I find myself in somewhat of an odd position. Get your mind out of the gutter -- ethically odd, you beasts. I’m going to now write a review of a movie that I have been associated with since rather early in its cine-life, although certainly in a modest way. I am talking about the midlife-Don Quixote-meets-The Kinks film, “Do It Again,” now making its way internationally through the film fest circuit. Over the last couple of years, its producer/writer/star, Boston Globe staffer Geoff Edgers has gone from being the guy who emailed me about what Kinks photos I might have for the project, to being my good friend. He had never made a movie before, I definitely was not Ms. Big Shot Film Girl, but we both loved the Kinks and I was glad to help. The only other thing I could offer Geoff were my honest opinions about what I thought would work and what would not work, both in practical reality and how the movie could play out as a good story that everyone could relate to and enjoy, British rock fan or not. My honest opinion is always what I offer you, too, so I am going to give this review a shot here, mixed with some behind-the-scenes bits and Hollywood glam.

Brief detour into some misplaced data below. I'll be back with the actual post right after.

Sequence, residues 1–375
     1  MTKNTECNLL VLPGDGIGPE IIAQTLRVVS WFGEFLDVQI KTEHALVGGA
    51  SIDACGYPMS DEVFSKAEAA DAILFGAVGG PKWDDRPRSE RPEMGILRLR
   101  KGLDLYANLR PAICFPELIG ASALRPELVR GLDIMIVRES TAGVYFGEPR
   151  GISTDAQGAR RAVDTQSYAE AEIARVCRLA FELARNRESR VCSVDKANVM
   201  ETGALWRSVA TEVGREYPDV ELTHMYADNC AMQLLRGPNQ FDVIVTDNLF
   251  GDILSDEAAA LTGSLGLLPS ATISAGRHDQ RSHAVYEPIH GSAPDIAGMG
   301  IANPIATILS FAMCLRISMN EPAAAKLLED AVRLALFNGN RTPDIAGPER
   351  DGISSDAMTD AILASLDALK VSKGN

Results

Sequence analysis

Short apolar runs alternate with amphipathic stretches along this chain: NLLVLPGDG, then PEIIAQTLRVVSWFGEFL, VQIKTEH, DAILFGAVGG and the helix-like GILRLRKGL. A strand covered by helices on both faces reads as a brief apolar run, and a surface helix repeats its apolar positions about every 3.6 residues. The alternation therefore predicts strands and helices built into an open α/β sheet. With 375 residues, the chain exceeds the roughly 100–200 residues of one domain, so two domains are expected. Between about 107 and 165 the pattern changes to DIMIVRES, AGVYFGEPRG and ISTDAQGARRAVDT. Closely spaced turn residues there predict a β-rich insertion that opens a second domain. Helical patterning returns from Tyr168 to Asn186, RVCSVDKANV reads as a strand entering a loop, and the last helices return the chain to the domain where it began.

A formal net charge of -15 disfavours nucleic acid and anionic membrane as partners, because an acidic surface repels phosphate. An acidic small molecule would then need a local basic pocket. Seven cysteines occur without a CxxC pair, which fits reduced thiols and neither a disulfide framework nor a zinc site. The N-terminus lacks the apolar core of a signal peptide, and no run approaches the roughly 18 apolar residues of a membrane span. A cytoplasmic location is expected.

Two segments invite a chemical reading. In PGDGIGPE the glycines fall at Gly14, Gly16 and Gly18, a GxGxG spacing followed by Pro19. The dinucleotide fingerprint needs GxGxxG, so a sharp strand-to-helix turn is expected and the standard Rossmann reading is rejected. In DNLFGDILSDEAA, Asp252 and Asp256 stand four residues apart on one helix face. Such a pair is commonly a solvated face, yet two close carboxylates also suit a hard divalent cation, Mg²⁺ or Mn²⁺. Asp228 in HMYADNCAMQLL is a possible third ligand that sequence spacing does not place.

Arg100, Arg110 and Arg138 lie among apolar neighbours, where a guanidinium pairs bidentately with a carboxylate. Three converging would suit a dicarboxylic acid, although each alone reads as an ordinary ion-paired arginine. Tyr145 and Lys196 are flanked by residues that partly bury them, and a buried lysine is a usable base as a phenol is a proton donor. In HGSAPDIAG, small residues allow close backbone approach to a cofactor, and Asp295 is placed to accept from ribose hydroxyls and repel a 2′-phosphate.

I think there are two types of “doers” in the world, the people who have a good idea and then actually follow through with it to completion: the Solid Planner, or the Wing It Guy. Geoff Edgers is the dictionary definition of Wing It Guy. Anyone who has had ANYTHING to do with Ray or Dave Davies and the Kinks can tell you that these are not the easiest folks to deal with, and you are looking at a pile of your own pulled-out hair on your desk for an outcome even when things go well. I told Geoff this, as did all the other Anyones he spoke with. Yet, the Wing It Guy in him, the man determined to do something truly grand as he approached age 40, decided that he would put on film his quest to reunite the Kinks, inactive as a working band since the mid-‘90s. Solid Planner would have taken all the Anyones anecdotes, looked at the numbers and the very formidable and predictable problems in making any independent film, and would never have even made an attempt. Wing It Guy gets called a nut and does it anyway, and hopes for the best.